A thousand years ago, human life expectancy was not even close to what it is in 2015. There have been so many advances in medicine, that a baby born today can be expected to live well into their eighties or even nineties. With that in mind, we need to talk about teeth. Adult teeth start to come in around age 6, and by age 13 most of us have a full set of permanent teeth (minus the wisdom teeth). After a few decades, teeth can begin to show their age. Here is some advice how you can keep smiling until 120.
As we age so do our parents, and it is important to know what devices they have in their mouth. As an example, a woman called the office one day, absolutely frantic. She was out to lunch with her mother when moms’ front tooth snapped off, and she swallowed it. We told her to come right in. Mom sat down in the chair, and when asked about her front tooth, promptly pulled her denture out of her mouth. Her daughter had no idea she wore one, and mom had dementia so she was not taking the denture out of her mouth and caring for it properly. It was not only full of food and debris, but she had a yeast infection in her mouth as a result. Any removable appliance, such as dentures or partials, must be taken out at night and cleaned. If you are a caregiver, this is something that can easily be missed.
With all the medications older adults take nowadays, a common side effect is xerostomia, or dry mouth. Saliva is a necessary component to wash away food particles and debris. When the amount of saliva is decreased, plaque can stick to the teeth and lead to more cavities. To combat dry mouth, we recommended and over the counter mouth lubricant, such as Biotene. It may also be necessary to brush more often or to rinse with water after meals if brushing is not possible. The key is to clear food from the mouth so it does not stick to teeth.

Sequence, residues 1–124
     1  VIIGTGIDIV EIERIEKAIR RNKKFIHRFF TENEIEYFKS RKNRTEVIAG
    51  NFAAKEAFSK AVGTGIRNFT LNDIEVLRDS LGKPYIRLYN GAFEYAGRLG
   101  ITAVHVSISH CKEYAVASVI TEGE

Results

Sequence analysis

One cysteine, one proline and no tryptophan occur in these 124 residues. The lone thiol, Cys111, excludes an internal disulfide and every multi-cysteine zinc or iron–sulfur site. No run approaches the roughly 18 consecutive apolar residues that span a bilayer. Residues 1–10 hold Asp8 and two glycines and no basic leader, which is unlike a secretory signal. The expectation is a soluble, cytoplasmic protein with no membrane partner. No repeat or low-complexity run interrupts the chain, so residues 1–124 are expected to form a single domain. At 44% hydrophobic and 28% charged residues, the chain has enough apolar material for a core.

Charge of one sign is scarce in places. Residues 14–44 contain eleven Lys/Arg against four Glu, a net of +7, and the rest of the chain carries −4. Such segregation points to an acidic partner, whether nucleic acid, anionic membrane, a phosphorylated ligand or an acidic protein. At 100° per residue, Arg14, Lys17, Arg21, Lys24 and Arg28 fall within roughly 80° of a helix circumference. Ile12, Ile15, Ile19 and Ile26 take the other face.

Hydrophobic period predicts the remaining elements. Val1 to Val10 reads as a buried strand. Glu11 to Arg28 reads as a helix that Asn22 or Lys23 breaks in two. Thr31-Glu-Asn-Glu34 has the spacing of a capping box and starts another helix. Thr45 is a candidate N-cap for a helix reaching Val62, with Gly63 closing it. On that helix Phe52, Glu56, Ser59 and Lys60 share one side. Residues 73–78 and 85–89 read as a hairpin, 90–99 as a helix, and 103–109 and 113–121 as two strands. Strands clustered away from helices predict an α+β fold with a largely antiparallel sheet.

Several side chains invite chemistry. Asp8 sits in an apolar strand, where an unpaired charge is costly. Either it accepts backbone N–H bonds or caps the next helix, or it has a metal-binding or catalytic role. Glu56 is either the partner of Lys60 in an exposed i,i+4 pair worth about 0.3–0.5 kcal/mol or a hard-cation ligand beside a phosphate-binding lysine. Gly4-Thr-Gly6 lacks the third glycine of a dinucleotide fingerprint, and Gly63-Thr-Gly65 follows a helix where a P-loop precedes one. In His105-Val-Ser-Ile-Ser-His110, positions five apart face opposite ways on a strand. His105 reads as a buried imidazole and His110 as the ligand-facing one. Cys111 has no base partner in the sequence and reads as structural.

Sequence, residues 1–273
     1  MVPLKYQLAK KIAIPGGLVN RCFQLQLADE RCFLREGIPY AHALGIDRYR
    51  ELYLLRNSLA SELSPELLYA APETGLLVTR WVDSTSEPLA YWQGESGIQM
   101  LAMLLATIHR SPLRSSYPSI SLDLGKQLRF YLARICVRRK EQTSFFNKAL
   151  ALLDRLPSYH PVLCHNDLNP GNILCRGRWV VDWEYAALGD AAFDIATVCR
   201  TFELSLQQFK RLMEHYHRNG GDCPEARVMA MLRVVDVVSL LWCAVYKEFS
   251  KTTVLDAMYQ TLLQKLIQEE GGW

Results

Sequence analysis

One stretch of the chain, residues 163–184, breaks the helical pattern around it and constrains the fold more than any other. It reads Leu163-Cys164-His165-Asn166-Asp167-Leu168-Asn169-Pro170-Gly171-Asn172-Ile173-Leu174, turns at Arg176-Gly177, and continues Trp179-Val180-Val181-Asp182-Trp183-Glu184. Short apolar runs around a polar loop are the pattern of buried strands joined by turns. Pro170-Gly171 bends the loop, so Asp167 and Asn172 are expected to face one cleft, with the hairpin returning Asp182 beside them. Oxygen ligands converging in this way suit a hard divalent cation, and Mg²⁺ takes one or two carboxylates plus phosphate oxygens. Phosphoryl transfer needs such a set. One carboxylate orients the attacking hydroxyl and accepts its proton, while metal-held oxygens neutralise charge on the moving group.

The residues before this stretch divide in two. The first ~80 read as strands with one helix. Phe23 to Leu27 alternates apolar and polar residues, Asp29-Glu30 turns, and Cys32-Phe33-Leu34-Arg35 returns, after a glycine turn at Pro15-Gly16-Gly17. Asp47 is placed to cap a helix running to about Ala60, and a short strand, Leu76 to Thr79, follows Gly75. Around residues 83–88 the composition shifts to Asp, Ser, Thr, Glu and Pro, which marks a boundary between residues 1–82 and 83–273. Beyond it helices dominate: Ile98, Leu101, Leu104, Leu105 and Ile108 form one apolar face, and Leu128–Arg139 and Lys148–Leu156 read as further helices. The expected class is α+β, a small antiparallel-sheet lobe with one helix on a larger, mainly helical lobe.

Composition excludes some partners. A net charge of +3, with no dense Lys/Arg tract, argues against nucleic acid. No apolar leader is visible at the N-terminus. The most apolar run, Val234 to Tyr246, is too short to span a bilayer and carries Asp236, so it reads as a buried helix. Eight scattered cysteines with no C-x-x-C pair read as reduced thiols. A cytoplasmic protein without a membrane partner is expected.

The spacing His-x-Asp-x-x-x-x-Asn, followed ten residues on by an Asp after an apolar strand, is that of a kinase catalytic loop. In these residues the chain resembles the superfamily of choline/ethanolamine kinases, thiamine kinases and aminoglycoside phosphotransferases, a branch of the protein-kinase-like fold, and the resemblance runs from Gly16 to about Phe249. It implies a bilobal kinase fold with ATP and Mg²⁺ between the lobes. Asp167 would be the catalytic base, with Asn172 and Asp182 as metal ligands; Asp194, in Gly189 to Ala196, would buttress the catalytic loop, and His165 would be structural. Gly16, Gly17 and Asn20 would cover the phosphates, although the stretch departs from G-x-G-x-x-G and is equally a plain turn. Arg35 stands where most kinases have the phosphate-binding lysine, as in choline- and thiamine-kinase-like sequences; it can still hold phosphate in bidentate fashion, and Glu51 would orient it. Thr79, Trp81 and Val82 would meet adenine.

BRUSH AND FLOSS!! In a poll, the American Dental Association discovered that people brush for an average of 45 seconds a day. The recommended time is 2-3 minutes, twice a day. Just think of the amount of time you spend eating each day. How can you keep your teeth clean by brushing for only 45 seconds? Just the simple act of actually timing how long you brush for or getting an electric toothbrush with a built in timer will do wonders for the health of your mouth. Older patients or those with a lack of dexterity would also benefit from a waterpik, which removes material from between the teeth, instead of floss.
Of course, the most important way to keep aging mouths healthy is to see your dentist on a regular basis. Even those with full dentures must be seen at least once a year to make sure their appliance fits properly and there are no problems.
By Rachel Jacobs, DMD